Rough Start For Conversion Institute
05/01/98
Staff Writer
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Talk about your rocky starts. Israel’s new multi-denominational committee to create a joint religious conversion institute held its first board meeting Monday, but things immediately went wrong. As an act of protest, the Conservative movement refused to send its official representative to the government-sponsored panel. The Reform movement sent its representative but read a protest letter.Two days later, despite a story in Haaretz, the Israeli daily, asserting that the Conservative movement had withdrawn from the institute, all parties said they plan to be back at the table for the next meeting. But the episode underscored the fragility of the whole enterprise, and the divisions within the movements themselves. The joint institute is an outgrowth of the Neeman Commission’s yearlong search for a resolution to the disputes between the Orthodox and non-Orthodox in Israel over the right to convert Jews and perform other life-cycle events in the Jewish state. But Conservative movement leaders in Israel boycotted the first gathering, convened on Monday in the Jewish Agency building in Jerusalem, protesting the makeup of the joint institute, which is currently composed of five Orthodox members and one each for the Conservative and Reform movements. “Before there is any meeting of the institute’s board, we want to clarify certain issues, such as the composition of the board, the number of representatives we will have, etc.,” said the institute’s Conservative representative, Rabbi Reuven Hammer in an e-mail sent to his colleagues. The primary concern of the Conservative and Reform movements is that the joint institute not be seen by the public as a triumph of the Neeman Commission since the Orthodox chief rabbinate refused to join the process as originally planned. “It must be clear that this is not a fulfillment of any Neeman report since none has been accepted by us or by anyone and was specifically rejected by the Chief Rabbinate,” Rabbi Hammer wrote. “Therefore we are not bound by any agreements regarding stopping conversions etc. and will continue.” The Conservative boycott pointed up internal differences within the Conservative movement over how to deal with the joint institute, as well as exposing cracks between the Conservative and their Reform allies, who failed to join the boycott. Reform Rabbi Ammiel Hirsch, director of the Association of Reform Zionists of America, said that while he is “quite sympathetic” to the Conservative position, there is a larger issue to consider. “The fact that the Knesset resolved to set up a joint institute and the government approved it, and the finance minister is allocating money to it are significant events in their own right,” Rabbi Hirsch said. “Our preference therefore is to raise all the issues of concern to us in the meetings themselves, because we want to give every opportunity for the institute to be successful.” The Neeman Commission agreed to set up a joint institute for all three streams of Judaism — Reform, Conservative and Orthodox — to prepare prospective converts, under the auspices of the Jewish Agency. After completing the institute’s course, converts would undergo an Orthodox conversion. But the chief rabbis refused to accept the plan and, as a result, the committee’s conclusions were never signed. The government decided to establish the institute anyway. Rabbi Joel Meyers, executive vice president of the American Conservative movement’s Rabbinical Assembly, said his Israeli colleagues are particularly unhappy that Finance Minister Yaacov Neeman was not able to get a representative of the chief rabbinate or any prominent Orthodox rabbi to join the institute board. However, he expected Rabbi Hammer to attend the next institute board meeting. “We still want the institute to meet and succeed,” he said.Rabbi Jerome Epstein, head of the United Synagogue of Conservative Judaism, noted: “Our frustrations are significant, but this was not a death blow.”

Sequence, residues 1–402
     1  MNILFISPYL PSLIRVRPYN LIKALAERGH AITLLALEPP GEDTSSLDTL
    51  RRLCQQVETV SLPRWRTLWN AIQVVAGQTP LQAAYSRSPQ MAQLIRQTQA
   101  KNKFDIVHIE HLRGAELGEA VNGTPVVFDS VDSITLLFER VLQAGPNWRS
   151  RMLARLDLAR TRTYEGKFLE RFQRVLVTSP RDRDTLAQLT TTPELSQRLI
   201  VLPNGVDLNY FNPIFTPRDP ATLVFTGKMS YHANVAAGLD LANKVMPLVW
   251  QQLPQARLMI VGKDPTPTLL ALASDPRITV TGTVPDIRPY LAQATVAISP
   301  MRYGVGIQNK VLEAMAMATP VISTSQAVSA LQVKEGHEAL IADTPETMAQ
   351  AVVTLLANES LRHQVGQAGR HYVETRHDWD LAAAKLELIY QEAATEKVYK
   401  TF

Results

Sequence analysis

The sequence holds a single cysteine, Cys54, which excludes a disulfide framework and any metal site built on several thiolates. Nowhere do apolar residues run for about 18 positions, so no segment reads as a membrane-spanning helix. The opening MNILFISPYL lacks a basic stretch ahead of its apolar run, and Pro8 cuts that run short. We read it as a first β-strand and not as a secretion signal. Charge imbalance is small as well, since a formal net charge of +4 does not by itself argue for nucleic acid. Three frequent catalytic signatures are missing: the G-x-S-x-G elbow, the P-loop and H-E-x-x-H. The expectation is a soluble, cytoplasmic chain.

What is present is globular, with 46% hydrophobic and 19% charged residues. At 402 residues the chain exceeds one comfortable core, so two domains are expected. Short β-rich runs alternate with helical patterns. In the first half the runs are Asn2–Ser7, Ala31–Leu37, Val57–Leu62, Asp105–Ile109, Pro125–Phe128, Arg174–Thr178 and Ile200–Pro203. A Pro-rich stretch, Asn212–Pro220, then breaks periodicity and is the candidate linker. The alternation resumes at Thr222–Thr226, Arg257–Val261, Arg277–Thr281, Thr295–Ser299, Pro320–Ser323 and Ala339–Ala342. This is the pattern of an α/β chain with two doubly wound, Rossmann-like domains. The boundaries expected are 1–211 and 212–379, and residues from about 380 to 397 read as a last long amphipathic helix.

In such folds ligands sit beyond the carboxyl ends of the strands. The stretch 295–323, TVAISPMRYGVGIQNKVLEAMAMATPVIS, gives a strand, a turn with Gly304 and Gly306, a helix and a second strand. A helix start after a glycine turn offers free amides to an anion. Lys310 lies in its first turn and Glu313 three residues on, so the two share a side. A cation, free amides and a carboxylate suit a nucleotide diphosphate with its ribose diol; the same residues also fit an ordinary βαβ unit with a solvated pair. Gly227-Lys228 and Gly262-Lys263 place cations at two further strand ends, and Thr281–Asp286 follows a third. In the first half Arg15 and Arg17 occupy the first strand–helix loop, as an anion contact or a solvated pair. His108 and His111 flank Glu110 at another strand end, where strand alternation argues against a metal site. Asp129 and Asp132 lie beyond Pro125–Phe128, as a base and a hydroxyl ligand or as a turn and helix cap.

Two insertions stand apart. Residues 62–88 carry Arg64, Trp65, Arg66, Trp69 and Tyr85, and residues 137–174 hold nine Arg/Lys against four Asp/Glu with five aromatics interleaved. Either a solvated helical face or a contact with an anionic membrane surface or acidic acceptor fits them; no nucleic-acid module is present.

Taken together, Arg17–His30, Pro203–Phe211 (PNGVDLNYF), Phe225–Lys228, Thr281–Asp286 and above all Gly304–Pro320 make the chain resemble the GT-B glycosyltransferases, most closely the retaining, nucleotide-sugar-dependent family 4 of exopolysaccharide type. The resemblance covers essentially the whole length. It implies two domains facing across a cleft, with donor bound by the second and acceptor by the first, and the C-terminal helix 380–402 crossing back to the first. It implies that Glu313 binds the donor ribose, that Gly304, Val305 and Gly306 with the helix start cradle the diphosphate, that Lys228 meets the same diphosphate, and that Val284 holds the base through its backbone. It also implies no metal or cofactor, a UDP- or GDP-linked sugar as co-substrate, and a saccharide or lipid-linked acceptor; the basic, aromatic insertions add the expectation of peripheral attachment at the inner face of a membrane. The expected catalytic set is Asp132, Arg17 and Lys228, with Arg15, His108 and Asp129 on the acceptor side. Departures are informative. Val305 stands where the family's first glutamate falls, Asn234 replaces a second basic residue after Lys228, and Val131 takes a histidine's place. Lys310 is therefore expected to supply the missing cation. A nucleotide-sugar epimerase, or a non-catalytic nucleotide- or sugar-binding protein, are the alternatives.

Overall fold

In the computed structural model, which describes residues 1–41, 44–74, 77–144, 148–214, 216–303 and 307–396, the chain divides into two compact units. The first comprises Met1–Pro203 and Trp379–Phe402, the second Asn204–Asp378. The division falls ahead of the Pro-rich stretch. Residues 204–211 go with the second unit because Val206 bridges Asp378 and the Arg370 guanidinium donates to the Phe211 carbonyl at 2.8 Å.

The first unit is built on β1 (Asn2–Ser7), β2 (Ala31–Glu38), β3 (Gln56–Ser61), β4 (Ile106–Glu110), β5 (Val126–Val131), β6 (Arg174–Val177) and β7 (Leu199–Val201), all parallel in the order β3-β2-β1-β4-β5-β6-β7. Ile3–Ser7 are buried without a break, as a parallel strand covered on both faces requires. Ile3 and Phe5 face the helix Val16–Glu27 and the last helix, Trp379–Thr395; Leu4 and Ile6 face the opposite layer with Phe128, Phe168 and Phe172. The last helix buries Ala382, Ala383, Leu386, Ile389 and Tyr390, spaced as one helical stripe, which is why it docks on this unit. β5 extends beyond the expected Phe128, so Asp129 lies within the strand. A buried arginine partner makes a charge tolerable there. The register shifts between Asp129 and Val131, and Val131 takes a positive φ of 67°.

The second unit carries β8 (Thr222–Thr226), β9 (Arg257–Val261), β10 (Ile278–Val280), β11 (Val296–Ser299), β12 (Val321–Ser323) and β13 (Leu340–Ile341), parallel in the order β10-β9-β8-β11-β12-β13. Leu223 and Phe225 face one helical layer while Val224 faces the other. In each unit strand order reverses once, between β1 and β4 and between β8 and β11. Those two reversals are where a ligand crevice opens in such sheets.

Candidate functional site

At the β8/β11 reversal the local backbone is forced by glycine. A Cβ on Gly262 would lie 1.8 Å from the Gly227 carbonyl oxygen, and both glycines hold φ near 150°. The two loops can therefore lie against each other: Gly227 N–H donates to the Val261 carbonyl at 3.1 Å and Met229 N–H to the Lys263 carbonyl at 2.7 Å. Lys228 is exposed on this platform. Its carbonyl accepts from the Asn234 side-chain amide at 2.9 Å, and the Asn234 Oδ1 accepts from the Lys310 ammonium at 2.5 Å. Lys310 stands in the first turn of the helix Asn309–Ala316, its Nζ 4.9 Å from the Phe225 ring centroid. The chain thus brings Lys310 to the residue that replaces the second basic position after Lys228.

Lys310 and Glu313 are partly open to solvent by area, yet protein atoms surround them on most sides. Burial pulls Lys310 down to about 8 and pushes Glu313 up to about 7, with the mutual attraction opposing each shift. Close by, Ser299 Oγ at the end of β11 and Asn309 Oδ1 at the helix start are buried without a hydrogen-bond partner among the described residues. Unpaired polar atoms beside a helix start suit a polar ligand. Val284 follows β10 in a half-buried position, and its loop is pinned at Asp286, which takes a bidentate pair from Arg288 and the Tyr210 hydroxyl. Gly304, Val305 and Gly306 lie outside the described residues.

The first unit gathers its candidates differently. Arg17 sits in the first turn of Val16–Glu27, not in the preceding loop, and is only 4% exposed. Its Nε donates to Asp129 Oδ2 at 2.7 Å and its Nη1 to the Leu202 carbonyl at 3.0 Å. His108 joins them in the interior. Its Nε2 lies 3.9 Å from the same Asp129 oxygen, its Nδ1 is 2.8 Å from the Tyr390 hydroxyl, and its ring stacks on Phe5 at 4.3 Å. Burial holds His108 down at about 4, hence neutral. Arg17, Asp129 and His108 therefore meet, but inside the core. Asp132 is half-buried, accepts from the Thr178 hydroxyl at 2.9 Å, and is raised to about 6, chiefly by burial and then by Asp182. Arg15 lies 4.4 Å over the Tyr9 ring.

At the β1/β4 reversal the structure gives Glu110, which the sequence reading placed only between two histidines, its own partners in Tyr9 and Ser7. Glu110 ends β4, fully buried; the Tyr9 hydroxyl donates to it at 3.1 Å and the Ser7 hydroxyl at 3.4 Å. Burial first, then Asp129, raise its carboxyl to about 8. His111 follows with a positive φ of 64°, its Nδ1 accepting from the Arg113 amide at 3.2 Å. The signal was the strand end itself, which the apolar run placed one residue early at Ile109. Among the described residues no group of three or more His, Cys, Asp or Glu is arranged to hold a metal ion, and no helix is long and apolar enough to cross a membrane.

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11/24/2009 - 09:29

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